I had to cover a stakeholders conference last week at a major venue in Central London. It was quite a standard format with presentations during the morning and round table discussions in the afternoon and the usual related trade show stands in the coffee/lunch area where networking took place.
It always amazes me that a dedicated conference style venue has so little thought put into it’s lighting facilities. I can understand a general event venue not having good lighting to it’s presentation areas when most often an outside contractor will bring in staging and lighting to suit the subject but for a venue that is dedicated with permanent staging and two dais presenting positions as well as three screens so all the audience can see you would expect to have a balanced lighting set up.
No, what we had was a mixture of halogen spots, fluorescent tubes and tungsten balanced spots. The end result attempting to shoot without flash was either a screen that was correctly colour balanced for the company colours and the speaker bathed in an orange glow or a colour balance nearer the speakers natural skin tones and a screen projecting blue instead of white images!
The thing is that the colour balances of the lights was not the only problem. There is also another factor that few people understand about lighting is the CRI or Colour Rendition Index. This rather than being the colour of light that is cast is a measurement of the ability for that light to render colours accurately.
Under some types of light if you photograph a colour chart you may be surprised to know that the quality of the light can effect how different colours are shown. For example under a redish or warm light the different tones of red may be harder to distinguish between the different shades than under a cleaner white light.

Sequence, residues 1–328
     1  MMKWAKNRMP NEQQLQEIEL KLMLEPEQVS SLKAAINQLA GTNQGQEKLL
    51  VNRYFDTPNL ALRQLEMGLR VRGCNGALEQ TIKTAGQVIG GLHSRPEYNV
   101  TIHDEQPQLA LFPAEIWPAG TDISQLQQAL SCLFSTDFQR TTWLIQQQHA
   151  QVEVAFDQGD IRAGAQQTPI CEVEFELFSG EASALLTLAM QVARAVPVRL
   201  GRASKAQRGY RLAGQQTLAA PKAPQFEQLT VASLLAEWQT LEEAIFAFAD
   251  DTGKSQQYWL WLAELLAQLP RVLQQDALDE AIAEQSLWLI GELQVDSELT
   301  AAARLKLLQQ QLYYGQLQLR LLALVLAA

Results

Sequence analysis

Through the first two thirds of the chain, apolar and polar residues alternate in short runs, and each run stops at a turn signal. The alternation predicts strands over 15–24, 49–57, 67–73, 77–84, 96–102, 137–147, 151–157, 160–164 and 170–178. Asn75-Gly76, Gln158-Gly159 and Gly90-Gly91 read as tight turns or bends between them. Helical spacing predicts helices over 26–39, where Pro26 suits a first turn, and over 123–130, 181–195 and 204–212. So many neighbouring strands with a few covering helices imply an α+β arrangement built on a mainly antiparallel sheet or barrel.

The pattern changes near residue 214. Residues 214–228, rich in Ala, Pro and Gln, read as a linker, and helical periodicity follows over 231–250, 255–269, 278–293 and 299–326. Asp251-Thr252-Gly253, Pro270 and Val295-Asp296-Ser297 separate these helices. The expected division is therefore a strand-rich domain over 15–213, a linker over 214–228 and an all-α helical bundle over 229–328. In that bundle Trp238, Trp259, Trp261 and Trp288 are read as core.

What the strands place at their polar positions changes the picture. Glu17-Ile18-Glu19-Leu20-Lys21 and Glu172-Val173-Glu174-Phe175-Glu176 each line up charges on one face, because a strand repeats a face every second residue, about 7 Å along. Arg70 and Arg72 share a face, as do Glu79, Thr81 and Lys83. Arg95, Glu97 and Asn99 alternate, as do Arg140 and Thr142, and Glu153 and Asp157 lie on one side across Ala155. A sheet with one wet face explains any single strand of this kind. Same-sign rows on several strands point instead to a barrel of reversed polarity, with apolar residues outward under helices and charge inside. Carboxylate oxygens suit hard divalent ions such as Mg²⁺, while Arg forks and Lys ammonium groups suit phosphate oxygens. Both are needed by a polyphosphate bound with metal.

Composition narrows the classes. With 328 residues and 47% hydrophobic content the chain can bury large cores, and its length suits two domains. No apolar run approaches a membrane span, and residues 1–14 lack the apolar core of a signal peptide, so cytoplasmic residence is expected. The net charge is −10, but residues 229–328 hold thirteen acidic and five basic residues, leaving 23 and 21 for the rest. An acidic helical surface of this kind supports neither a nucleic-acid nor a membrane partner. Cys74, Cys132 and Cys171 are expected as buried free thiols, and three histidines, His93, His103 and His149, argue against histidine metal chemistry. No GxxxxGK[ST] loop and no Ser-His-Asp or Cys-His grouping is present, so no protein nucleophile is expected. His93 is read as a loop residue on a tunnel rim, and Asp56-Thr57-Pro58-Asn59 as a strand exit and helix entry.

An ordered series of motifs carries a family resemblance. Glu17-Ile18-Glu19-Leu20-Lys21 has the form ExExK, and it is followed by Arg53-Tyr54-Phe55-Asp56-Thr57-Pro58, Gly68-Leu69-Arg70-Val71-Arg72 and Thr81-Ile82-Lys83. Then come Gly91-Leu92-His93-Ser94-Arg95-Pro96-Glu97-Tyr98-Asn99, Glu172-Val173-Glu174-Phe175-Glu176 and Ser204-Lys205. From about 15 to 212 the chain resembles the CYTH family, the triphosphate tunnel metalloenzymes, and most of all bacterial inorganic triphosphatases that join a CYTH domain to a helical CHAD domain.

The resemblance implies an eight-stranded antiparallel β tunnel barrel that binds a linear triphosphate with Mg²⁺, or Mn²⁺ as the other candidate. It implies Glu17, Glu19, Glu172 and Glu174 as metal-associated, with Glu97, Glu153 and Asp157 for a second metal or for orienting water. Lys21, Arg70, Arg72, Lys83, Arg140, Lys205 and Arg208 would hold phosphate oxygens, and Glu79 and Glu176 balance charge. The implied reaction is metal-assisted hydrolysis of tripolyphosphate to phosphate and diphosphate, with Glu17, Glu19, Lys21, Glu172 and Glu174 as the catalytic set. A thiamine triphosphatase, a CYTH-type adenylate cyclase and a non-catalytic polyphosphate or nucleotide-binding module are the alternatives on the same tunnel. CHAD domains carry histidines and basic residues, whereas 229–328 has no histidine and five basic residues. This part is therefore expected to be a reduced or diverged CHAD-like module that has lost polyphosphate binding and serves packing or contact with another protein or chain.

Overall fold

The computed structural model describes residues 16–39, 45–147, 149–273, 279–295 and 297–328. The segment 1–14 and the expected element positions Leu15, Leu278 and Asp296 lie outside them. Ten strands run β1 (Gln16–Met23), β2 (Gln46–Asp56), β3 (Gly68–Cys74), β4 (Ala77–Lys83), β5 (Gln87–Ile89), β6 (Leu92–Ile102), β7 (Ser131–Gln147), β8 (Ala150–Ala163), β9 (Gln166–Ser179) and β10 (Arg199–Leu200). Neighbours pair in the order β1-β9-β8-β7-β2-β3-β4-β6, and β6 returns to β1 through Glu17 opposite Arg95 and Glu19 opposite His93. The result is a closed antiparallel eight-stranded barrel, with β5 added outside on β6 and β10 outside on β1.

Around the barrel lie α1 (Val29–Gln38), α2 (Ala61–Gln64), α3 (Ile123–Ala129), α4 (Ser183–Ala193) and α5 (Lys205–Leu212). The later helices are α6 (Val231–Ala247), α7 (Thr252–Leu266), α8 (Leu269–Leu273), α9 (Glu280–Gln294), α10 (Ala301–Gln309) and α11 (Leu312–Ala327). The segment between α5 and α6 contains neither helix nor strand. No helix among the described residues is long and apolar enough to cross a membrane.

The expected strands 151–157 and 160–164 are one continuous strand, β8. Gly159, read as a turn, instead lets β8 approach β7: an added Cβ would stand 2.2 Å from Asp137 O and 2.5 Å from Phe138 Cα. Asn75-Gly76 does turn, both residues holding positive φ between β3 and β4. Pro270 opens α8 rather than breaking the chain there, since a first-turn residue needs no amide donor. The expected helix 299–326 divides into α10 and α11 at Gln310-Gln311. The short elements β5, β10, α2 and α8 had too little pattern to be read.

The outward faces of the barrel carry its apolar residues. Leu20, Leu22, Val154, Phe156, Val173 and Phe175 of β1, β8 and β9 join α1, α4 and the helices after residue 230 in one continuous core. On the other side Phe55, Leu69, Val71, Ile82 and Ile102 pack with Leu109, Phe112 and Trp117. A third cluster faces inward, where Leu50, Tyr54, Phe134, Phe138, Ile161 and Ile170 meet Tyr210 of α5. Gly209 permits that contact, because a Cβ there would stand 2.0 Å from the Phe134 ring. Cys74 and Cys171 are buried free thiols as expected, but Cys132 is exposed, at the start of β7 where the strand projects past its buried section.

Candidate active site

The end result for photography in situations like this is you might be first trying to colour balance your camera to cope with a tungsten balanced or warm light source only to then find you have to further colour correct post production to pick out tones that aren’t showing correctly. The ultimate problem being the end result of “crossed curves” a situation where you need to remove Magenta from one area of a picture and Green from another – two opposites on the colour wheel, when you add in green to get rid of magenta and visa versa it just makes the opposite area worse. A no win situation.
So what’s the answer? The old school method always works well for colour rendition of throwing in some clean white daylight balanced flash. This can be set to be correctly exposed for the foreground or main subject and then the background or mixed lighting sources in the background become less noticeable as the influence of the white light fades.
But this method can be intrusive at events and isn’t much favored today by event organizers who want the pictures but don’t want you noticed taking them. So is there another solution? Well yes today there is and it’s a big advantage to the venues too. LED lighting. Not a solution for the photographer to make, one for the venues to sort.
LED lighting now comes in all forms as replacements to florescent tubes, halogen spots or tungsten bulbs, it can replace sodium or metal Halides in factories and warehouses’. And in each case the colour balance can be set to warm or clean white light.
As this new technology has become established it has started to gain credibility for it’s long life, it’s excellent colour rendition of subjects and the best thing of all for venues is the energy saving.
Although the initial cost of installation of replacement LED lighting is a bit more expensive than just replacing existing bulbs for bulbs it has the advantage of power savings sometimes to more than 50%, sometimes as high as 70% plus a bulb life that can be 9-10 times the factor of the bulb it replaces. So for the initial investment venues quite often find they have total payback on outlay within 2 years and then it’s just profit added to the bottom line!
And all us poor image makers, stills or video can have one less problem to worry about and get on with recording the event as the people saw it.
By Brian Russell
Copyright May 2014